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Falkland Islands (Islas Malvinas)

Introducing Falkland Islands (Islas Malvinas)

The Falkland Islands are a popular addition to many Antarctic voyages, but they’re well worth seeing on their own for their spectacular populations of penguins, seals and albatrosses. Surrounded by the South Atlantic and by centuries of controversy, the islands lie 490km east of Patagonia. Two main islands, East Falkland and West Falkland, and more than 700 smaller ones cover 12,173 sq km, about the same area as Northern Ireland or Connecticut. Alternately settled and claimed by France, Spain, Britain and Argentina, the Falkland Islands (known as the Islas Malvinas in Argentina) have been an overseas territory of the UK since 1833, a status the Argentines have fought and still contest.

Besides the five types of penguin (gentoo, king, macaroni, Magellanic and rockhopper) that breed here, there are many other birds equally interesting and uncommon.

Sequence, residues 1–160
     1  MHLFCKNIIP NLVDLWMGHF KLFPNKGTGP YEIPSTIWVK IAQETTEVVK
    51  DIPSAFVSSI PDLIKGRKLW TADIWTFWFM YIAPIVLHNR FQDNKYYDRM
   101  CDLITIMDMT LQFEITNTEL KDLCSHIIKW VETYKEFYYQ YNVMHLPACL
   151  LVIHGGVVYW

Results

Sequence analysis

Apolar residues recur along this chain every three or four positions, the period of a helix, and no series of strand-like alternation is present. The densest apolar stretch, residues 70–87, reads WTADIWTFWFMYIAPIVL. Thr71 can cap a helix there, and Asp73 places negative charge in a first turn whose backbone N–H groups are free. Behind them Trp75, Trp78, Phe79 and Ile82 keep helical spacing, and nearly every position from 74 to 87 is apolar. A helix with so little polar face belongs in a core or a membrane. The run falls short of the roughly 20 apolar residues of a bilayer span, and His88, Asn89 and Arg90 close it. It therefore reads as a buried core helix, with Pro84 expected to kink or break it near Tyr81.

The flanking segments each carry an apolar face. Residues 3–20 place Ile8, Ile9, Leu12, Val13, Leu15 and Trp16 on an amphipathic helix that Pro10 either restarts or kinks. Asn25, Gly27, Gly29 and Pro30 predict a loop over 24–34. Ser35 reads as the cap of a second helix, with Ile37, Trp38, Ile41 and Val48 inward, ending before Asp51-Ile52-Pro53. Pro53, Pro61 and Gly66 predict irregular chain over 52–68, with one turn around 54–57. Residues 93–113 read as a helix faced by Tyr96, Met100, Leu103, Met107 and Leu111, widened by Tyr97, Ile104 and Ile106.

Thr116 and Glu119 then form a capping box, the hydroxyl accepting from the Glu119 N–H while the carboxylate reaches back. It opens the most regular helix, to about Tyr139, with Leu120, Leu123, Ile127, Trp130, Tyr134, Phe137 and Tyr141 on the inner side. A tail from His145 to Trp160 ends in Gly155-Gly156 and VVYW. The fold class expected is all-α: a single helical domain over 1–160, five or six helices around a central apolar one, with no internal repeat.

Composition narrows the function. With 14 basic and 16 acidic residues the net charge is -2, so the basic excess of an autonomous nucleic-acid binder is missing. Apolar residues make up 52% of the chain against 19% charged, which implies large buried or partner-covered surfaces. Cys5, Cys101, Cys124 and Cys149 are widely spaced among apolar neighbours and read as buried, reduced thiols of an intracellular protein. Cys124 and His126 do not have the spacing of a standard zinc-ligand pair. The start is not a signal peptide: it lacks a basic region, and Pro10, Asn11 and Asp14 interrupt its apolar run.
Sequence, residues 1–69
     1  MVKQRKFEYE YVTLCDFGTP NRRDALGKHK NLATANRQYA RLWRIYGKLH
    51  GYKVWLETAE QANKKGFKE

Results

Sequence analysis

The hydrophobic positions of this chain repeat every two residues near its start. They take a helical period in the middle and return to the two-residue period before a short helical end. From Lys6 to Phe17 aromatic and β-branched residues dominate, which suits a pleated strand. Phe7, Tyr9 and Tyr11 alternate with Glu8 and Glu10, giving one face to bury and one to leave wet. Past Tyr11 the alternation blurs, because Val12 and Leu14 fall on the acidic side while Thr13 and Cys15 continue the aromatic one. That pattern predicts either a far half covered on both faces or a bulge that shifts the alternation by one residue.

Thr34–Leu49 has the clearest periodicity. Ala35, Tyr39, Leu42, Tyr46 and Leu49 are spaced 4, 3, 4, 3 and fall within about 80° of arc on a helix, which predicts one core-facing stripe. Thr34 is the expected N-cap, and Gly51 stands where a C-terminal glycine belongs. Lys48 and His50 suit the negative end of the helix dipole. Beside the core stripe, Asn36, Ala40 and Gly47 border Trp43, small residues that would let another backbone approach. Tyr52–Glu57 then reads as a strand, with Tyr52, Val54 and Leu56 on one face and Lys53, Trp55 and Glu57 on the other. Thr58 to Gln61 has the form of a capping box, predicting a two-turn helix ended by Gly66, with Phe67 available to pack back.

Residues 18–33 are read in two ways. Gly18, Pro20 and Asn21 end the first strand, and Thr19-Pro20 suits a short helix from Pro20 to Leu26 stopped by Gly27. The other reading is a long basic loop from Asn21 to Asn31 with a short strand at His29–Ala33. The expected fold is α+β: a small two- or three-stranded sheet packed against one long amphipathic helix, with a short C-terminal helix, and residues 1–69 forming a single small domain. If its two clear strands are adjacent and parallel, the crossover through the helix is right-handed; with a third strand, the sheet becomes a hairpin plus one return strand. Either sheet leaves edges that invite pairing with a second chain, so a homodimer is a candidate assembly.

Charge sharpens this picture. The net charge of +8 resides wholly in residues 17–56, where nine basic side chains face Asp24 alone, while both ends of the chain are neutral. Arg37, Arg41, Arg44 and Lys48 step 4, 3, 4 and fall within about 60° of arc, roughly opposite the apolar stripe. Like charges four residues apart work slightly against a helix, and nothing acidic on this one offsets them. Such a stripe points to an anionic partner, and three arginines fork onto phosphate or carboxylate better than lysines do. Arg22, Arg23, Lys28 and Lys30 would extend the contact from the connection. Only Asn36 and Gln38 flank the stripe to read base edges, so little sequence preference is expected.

About 60% of Falklanders are native born, some tracing their ancestry back six or more generations. Today more than 80% of the 3140 Falklanders (sometimes called ‘Kelpers’) live in Stanley, and about 1200 British military live at Mt Pleasant base. The rest of the islanders live in ‘Camp,’ the name given to all of the Falklands outside Stanley.

Since the advent of large sheep stations in the late 19th century, rural settlement in the Falklands has consisted of tiny hamlets built near sheltered harbors where coastal shipping could collect the wool clip.

The Falklands retain their rural character: the islands are laced with 400km of roads, but there’s not one traffic light. Interesting ‘stone runs’ of quartzite boulders descend from many of the ridges and peaks on both East and West Falkland. Among the 13 endemic plants are several unusual species, including snake plant (Nassauvia serpens), with its long stalks and tiny leaves, and Felton’s flower (Calandrinia feltonii), a caramel-scented, magenta-blossomed annual until recently thought to be extinct in the wild. Vanilla daisy (Leuceria suaveolens), while not endemic, is still interesting – its flowers smell remarkably like chocolate. There are no remaining native land animals.

The Falklands operate on GMT -3 hours.

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